The British Horse Society has released a new app that enables equestrians to quickly and easily submit details of incidents that have negatively affected their safety.
The free of charge new app, ‘Horse i’, has been specifically designed to empower equestrians to immediately report any incidents they encounter directly to the BHS via a simple, easy-to-use interface.
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What is an incident?
An incident is classed as an unplanned event that has resulted in a human or horse feeling unsafe (e.g. road rage), or that has the potential to cause injury (a near miss), or that has already caused injury. Equestrians can report problems with:
- a road/off-road user
- slippery road surfaces
- low flying aircraft or nuisance drones
Reporting your incident
The app records details of the incident, including the location, date and time, any injuries sustained, vet treatment required, as well as if any other agencies are involved, such as the Police or Civil Aviation Authority. An incident report can be submitted via the time-saving new tool in less than three minutes, although there is also the facility for the user to take the time to add in any supporting detail if they wish.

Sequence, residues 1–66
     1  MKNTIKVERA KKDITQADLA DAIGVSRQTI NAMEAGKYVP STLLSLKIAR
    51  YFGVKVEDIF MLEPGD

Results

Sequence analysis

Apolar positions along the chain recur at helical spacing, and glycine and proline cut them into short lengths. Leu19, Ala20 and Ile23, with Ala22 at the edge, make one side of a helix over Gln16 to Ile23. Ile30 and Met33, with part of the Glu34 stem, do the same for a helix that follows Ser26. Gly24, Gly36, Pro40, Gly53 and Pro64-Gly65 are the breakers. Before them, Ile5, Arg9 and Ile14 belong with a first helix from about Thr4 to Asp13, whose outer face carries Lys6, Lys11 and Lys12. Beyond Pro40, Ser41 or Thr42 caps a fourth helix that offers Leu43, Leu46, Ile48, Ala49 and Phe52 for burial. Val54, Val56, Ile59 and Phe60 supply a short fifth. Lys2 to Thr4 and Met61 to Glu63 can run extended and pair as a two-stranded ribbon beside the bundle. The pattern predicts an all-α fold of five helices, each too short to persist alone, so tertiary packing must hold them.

The BHS hope that the app will equip and encourage many more equestrians to report incidents to the BHS, enabling the charity to use the data to support its campaigns to improve equestrian safety.
Equestrians who do not use smart phones can record incidents via our online form on our website.
BHS Director of Safety Alan Hiscox says: “We know that only 1 in 10 people report incidents to us which is why we have produced this simple-to-use app, which enable equestrians to report any incident that encounter. Most people want to report an incident to the BHS as soon as it happens, so this app makes it much easier to log what’s happened to you and your horse the moment you return to the yard when the detail is still fresh in your mind. Increasing the number of incidents that are logged with the BHS is a key priority for us in order to create a safer environment for equestrians, as we can act more effectively with better data.”